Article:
The Right Way (And Right Time) To Evaluate An NFL Draft

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As of this writing, we are nearing the end of Day 3 (rounds 4-7) of the NFL’s Annual Selection Meeting for 2021, otherwise known as the 2021 NFL Draft.

I will spare my readers unnecessary explanations on how the NFL Draft works because I assume anyone reading this post already knows how the NFL Draft works, either because they follow the league, or are a diehard fan of the NFL.

Today’s post will examine a phenomenon that I observe and note every draft weekend…

The overwhelming overreaction by fans over every pick their favorite team makes, especially in the early rounds (rounds 1-3).

Whether that reaction is one of joy or angst, it’s rather shortsighted and a little silly to judge a slate of draft picks during the conduct of the draft, much less passing judgment on a pick by pick basis.

Typically, fans will get overly excited, overly disappointed, or overly critical about the picks their favorite team makes, either because they heard of the player picked and think he is great because he played great in college, or get upset and accuse their favorite team of “reaching”, meaning the team took a player too early in the draft, usually to fill a perceived need. This sentiment is usually expressed by fans via the oft-stated comment “I never heard of him”, implying the player taken must not be very good or will not make an impact on the field right away, if ever.

The video below from the YouTube channel of a Dallas Cowboys fan that I follow illustrates this point rather succinctly:

The video captures the overreaction, hopeful judgment, and pessimistic criticism by fans in every draft.

While it’s fun to speculate and argue with friends over adult beverages about every draft choice, the day of the draft, or even the day after a draft ends, is the wrong time to evaluate whether a team had a good draft.

The best time to evaluate a draft class is three years later.

Three years is roughly the average length of an NFL player’s career. If that player is still on the roster of the team that drafted him three years earlier and is still contributing or had a great career during his run with the team, then the team drafted well that given year.

Let’s examine three draft classes by the Dallas Cowboys for 2018, 2017, and 2016, so three years ago all the way back to five years ago.

2018 Dallas Cowboys draft class:

1. Leighton Vander Esch LB. Still on roster as a starter

2. Connor Williams OT. Still on roster as a starter

3. Michael Gallup WR. Still on roster as a third WR. Major contributor to team offense.

4. Dorance Armstrong, Jr. DE. Still on roster as a backup player

5. Dalton Schultz TE. Still on roster. Contributing. Starting TE during 2020 season.

6. Mike White QB. On New York Jets roster as a backup.

7. Chris Covington LB. On Indianapolis Colts practice squad. Release by Cowboys in 2019.

8. Cedrick Wilson, Jr. WR. Still on active roster.

9. Bo Scarborough RB. Released by Cowboys in 2018. Currently on Jacksonville Jaguars practice squad.

2018 draft yielded three starters still on the team, one major contributor still on the team, and only three players no longer on the team, all of whom are still in the league in some capacity.

2017 Dallas Cowboys draft class:

1. Taco Charlton DE. Released by the Cowboys in 2019. Currently on roster of the Kansas City Chiefs.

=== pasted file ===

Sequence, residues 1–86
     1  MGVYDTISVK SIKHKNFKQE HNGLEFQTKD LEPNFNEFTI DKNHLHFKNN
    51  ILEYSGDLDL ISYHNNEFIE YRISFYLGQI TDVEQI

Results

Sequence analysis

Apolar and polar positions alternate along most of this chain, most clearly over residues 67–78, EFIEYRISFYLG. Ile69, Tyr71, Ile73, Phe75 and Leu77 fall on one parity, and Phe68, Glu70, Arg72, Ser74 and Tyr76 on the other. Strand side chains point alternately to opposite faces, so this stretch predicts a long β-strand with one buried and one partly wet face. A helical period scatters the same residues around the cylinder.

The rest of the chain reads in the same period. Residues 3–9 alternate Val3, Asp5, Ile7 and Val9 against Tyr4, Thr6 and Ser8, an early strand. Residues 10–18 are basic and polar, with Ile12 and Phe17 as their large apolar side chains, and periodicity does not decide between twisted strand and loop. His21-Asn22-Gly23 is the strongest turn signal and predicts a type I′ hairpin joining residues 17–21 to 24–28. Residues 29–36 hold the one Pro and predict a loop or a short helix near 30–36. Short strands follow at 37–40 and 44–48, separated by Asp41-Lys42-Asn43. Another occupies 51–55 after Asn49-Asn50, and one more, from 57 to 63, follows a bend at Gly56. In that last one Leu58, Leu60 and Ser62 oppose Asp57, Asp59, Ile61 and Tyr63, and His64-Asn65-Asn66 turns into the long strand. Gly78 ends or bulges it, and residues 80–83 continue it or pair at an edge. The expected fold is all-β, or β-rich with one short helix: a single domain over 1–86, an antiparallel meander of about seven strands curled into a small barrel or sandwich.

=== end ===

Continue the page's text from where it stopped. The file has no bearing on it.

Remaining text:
2. Chidobe Awuzie CB. Released this offseason by the Cowboys. Currently on the roster of the Cincinnati Bengals.

3. Jourdan Lewis CB. Currently on the Cowboys active roster and just signed to a new three year contract.

4. Ryan Switzer WR. Traded away by Dallas in 2018. Currently on the active roster of the Cleveland Browns.

5. Xavier Woods S. Not resigned in the 2021 offseason. Signed by the Minnesota Vikings.

6. Marquez White CB. Waived by the Cowboys in 2018. Currently out of the NFL.

7. Joey Ivie DT. Waived by the Cowboys in 2017. Released by the Cleveland Browns in 2021. Currently out of the league.

8. Noah Brown WR. Currently on the Cowboys active roster. Contributing on offense and special teams.

9. Jordan Carrell DT. Waived at the end of the 2017 season. Out of the league.

This draft can be considered a minor bust as only two players out of nine are still with the Cowboys (neither are starters), but seven of the nine players taken are still in the league.

2016 Dallas Cowboys draft class:

1. Ezekiel Elliott RB. Starting running back, signed to mega deal in 2019.

2. Jaylon Smith LB. Starting outside linebacker, signed to mega deal in 2018.

3. Maliek Collins DT. Left Dallas as a free agent in 2020. Currently on a one-year deal with the Houston Texans.

4. Charles Tapper DE. Released by the Cowboys in 2018. Retired from football in 2020.

5. Dak Prescott QB. Starting quarterback. Signed to mega deal in 2021.

6. Anthony Brown CB. Still on Cowboys active roster.

7. Kavon Frazier S. Released by the Cowboys in 2019. Currently with the Miami Dolphins.

8. Darius Jackson RB. Currently an unsigned free agent. Last on Indianapolis Colts practice squad. Frequently invited to Cowboys training camps at various positions.

9. Rico Gathers TE. Released by the Cowboys in 2018. Released by the Cleveland Browns in 2019. Currently out of the league.

The 2016 Cowboys draft yielded three starters who are each still major contributors to the team and one contributor on defense still on the roster. This is a successful draft.

This kind of examination is far more revealing than the instant response and analysis we get from fans, the media, and sports experts alike on draft day.

I wonder what fans thought about the 199th pick in the sixth round of the 2000 NFL Draft back then and what they think about that pick now?

-The Rational Ram

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